Crossroads of Philosophy and Economics

Pocket Reference of Business Ethics Theories


Marketplace Ethics

sometimes called Shareholder Theory

Respect for laws, regulations and commonly accepted codes for operation
Decisions geared to the economic rules of the marketplace, and then checked for compliance with letter (and potentially with the spirit) of applicable laws, regulations and accepted practices.
Key concepts

Ethics becomes the pursuit of economic opportunities within legal and regulatory boundaries.

Libertarian advocates of Marketplace Ethics build arguments on the principle of individual freedom and dignity.

The invisible hand names the argument that businesses seeking profit in their field of expertise ultimately do more good for society generally than businesses distracted by philanthropy, corporate social responsibility and similar apparently noble initiatives.

Hard questions

What non-legal norms and codes will be honored and to what degree? (Example: will advertising and sales pitches stray from the strict truth?)

How, and to what extent does society as a whole benefit when businesses narrowly pursue their own bottom-line welfare?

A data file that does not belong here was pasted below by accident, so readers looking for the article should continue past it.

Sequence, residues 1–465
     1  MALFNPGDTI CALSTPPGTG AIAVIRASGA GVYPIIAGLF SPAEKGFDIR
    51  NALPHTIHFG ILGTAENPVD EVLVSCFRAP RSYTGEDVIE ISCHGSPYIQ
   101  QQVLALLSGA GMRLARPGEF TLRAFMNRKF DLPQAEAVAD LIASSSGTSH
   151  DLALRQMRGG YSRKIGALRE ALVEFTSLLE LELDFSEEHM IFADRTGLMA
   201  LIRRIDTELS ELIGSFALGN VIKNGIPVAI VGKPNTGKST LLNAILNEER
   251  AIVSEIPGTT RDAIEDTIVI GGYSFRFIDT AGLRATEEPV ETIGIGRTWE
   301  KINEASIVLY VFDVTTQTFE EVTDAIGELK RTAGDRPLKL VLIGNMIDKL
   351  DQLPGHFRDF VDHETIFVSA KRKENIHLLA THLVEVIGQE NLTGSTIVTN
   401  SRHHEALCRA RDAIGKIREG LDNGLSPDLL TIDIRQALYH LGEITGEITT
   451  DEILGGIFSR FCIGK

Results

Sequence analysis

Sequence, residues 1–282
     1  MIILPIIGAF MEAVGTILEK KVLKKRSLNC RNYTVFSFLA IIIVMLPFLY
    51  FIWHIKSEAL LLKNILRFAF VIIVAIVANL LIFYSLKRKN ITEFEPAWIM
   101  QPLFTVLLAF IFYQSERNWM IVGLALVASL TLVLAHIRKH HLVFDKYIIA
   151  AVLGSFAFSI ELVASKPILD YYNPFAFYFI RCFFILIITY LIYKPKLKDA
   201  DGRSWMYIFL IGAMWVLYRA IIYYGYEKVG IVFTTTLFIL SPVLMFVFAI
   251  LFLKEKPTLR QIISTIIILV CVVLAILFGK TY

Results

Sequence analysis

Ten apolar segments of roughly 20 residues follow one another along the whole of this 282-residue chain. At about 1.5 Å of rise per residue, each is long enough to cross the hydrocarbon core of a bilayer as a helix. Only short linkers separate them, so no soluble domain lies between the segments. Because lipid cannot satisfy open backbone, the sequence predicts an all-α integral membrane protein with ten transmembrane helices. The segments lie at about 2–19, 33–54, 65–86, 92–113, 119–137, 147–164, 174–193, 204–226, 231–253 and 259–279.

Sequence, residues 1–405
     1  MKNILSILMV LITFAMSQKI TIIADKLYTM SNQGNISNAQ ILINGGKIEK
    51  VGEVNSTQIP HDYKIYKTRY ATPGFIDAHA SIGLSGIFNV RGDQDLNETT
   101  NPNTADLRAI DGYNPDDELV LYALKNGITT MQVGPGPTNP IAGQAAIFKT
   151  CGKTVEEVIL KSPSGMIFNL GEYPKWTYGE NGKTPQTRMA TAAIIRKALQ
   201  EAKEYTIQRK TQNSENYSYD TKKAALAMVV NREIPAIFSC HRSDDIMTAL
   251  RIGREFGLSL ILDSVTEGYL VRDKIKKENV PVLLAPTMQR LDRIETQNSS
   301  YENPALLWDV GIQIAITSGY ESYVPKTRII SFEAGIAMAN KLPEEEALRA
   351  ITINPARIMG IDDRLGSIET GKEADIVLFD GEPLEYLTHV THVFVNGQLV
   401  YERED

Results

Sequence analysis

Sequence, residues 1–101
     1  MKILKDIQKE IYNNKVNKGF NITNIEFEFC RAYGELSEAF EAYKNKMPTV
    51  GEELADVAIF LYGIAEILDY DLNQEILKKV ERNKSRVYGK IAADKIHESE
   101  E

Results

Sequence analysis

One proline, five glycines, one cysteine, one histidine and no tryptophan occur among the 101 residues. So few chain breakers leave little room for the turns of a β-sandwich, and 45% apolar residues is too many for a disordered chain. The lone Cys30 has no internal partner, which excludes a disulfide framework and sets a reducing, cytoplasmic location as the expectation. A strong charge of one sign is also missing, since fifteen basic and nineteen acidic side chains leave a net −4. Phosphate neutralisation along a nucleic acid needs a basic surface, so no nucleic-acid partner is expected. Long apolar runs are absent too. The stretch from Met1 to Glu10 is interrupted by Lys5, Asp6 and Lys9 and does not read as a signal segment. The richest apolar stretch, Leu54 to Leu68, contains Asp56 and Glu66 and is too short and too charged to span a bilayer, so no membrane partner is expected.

Most start-ups and small businesses

Goldman Sachs

Walmart (pre-Michael Duke)

Facebook—according to the Winklevoss story: The Winklevoss twins maintain that in essence they had the idea for Facebook and paid nerdy programmer Mark Zuckerberg to do the programming. He broke his commitment to the brothers, wrote the program for himself and profited.

Prime philosophical
theory compatibilities
Rights theory, Libertarianism, Egoism, Utilitarianism (under some conceptions of economic growth).
Notable figures
Adam Smith, Friedrich Hayek, Ayn Rand, Milton Friedman, Robert Nozick, The Cato Institute.
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